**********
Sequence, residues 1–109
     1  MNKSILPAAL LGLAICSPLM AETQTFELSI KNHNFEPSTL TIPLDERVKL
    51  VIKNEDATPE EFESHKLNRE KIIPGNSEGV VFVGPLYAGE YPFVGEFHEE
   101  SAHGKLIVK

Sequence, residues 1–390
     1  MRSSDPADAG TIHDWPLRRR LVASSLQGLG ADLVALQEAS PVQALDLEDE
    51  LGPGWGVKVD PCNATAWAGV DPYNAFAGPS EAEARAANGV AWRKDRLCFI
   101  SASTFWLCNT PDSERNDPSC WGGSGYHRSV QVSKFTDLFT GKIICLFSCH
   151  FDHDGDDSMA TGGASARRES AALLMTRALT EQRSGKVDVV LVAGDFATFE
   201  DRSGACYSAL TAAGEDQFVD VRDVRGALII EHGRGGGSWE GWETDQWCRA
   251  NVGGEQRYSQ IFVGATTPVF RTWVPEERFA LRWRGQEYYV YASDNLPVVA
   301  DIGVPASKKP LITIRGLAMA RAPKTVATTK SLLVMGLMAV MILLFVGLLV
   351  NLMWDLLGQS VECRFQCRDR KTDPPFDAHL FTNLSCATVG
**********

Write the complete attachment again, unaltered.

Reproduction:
Sequence, residues 1–109
     1  MNKSILPAAL LGLAICSPLM AETQTFELSI KNHNFEPSTL TIPLDERVKL
    51  VIKNEDATPE EFESHKLNRE KIIPGNSEGV VFVGPLYAGE YPFVGEFHEE
   101  SAHGKLIVK

Sequence, residues 1–390
     1  MRSSDPADAG TIHDWPLRRR LVASSLQGLG ADLVALQEAS PVQALDLEDE
    51  LGPGWGVKVD PCNATAWAGV DPYNAFAGPS EAEARAANGV AWRKDRLCFI
   101  SASTFWLCNT PDSERNDPSC WGGSGYHRSV QVSKFTDLFT GKIICLFSCH
   151  FDHDGDDSMA TGGASARRES AALLMTRALT EQRSGKVDVV LVAGDFATFE
   201  DRSGACYSAL TAAGEDQFVD VRDVRGALII EHGRGGGSWE GWETDQWCRA
   251  NVGGEQRYSQ IFVGATTPVF RTWVPEERFA LRWRGQEYYV YASDNLPVVA
   301  DIGVPASKKP LITIRGLAMA RAPKTVATTK SLLVMGLMAV MILLFVGLLV
   351  NLMWDLLGQS VECRFQCRDR KTDPPFDAHL FTNLSCATVG